As other reviewers have noted, this is a balanced and non-polemical history of papal primacy from a Catholic viewpoint. The author considers the Vatican I definitions of papal primacy to be historically justified. What he does in this book is show how the concept of papal primacy developed historically in order to reach this point. In doing so, he corrects numerous misunderstandings of papal primacy, by both Catholics and non-Catholics. Critics of the Vatican I definitions should read and understand this book before launching further polemics.
I highly recommend Orthodox theologian Oliver Clement's book _You are Peter_ as a companion text. If you can only afford one book, I recommend Schatz's book. The wealth of historical information and analysis he offers is not duplicated elsewhere. But Clement's book is also a valuable contribution to this discussion, and arrives at remarkably similar conclusions from the Eastern Orthodox perspective.
A helpful bonus is an appendix containing excerpts from the following primary sources: Irenaeus, Canons of Sardica, Gregory VII, the four Gallican articles, and the relevant texts from the Councils of Constance, Florence, Vatican I, and Vatican II.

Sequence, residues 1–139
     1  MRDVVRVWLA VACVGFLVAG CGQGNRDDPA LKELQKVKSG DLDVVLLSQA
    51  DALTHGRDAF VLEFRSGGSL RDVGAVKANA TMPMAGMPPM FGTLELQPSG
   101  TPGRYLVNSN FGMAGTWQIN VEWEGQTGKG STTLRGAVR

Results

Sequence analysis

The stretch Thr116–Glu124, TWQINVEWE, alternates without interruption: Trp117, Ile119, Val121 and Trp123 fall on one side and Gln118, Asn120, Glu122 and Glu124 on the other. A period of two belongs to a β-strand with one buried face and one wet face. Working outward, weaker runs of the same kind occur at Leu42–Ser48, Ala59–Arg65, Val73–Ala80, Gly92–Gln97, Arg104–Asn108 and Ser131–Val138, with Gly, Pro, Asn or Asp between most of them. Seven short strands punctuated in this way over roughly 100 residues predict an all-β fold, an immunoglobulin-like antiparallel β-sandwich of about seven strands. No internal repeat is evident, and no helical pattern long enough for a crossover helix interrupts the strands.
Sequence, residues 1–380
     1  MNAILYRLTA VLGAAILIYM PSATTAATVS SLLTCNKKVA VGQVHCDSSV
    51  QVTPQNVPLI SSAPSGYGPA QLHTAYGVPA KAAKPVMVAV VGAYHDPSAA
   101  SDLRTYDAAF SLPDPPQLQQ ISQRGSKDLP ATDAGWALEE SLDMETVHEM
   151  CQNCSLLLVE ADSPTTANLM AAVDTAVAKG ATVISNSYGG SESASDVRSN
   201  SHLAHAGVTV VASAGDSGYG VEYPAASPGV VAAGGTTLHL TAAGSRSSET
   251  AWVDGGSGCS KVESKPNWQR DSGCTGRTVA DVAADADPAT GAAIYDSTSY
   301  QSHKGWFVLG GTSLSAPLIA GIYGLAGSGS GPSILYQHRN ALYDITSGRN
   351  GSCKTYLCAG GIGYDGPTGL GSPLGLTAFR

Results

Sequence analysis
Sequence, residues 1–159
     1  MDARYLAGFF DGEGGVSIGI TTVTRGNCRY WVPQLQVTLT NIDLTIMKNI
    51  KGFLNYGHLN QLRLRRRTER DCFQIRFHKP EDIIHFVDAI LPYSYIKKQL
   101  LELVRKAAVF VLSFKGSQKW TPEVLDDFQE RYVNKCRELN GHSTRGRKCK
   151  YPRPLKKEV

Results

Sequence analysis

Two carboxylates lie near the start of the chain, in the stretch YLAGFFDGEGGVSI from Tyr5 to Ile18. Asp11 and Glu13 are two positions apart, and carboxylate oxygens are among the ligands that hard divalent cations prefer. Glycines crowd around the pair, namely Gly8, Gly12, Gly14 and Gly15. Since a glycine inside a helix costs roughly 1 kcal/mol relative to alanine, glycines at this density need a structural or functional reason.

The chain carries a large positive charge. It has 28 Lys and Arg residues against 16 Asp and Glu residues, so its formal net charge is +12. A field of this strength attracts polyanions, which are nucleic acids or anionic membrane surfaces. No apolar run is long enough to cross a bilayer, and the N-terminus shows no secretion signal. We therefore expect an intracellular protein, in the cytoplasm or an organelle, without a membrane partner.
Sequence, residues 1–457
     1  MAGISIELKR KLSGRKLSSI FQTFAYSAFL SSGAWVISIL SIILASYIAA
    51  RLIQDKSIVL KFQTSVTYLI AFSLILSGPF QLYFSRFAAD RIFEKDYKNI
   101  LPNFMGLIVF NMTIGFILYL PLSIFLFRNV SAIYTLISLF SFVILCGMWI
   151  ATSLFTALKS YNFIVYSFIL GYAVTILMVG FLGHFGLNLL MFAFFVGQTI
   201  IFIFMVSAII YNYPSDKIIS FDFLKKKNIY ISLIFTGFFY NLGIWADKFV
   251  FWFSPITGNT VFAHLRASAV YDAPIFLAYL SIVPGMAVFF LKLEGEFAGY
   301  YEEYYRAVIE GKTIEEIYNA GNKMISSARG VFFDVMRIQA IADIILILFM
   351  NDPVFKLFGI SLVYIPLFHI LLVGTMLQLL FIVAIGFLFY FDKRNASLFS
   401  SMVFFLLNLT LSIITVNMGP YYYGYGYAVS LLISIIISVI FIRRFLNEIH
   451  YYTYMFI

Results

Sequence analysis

Excellent!! May 26, 2005
This is a very worthwhile book, and does much to explain the development of papal primacy over the centuries. Schatz is well-balanced; he doesn't flinch from episodes in history that call into question this doctrine, nor does he hesitate to show where it was clearly exercised in the past.
Some who are orthodox Catholics may object to this book, as it admits that papal primacy has developed, and is not practiced today exactly like it was practiced in the early Church. But Schatz is simply relating the true story, in all it's fullness. I consider myself a faithful and orthodox Catholic, and I think this book should be required reading for anyone - Catholic or non-Catholic - who wishes to understand this often-misunderstood doctrine.
An excellent overview Jul 23, 2004
I strongly recommend Klaus Schatz "Papal Primacy" for any who want balanced overview of the history of primacy in the papacy. While maintaining the validity of Catholicism's current perception of the papacy, Schatz attempts to mark out the road that lead to this understanding with honesty and impartiality towards its adversaries. Of additional value are the extensive footnotes Schatz uses to document his account. These are useful in their own right for any interested in doing further research into the foundational primary and secondary texts.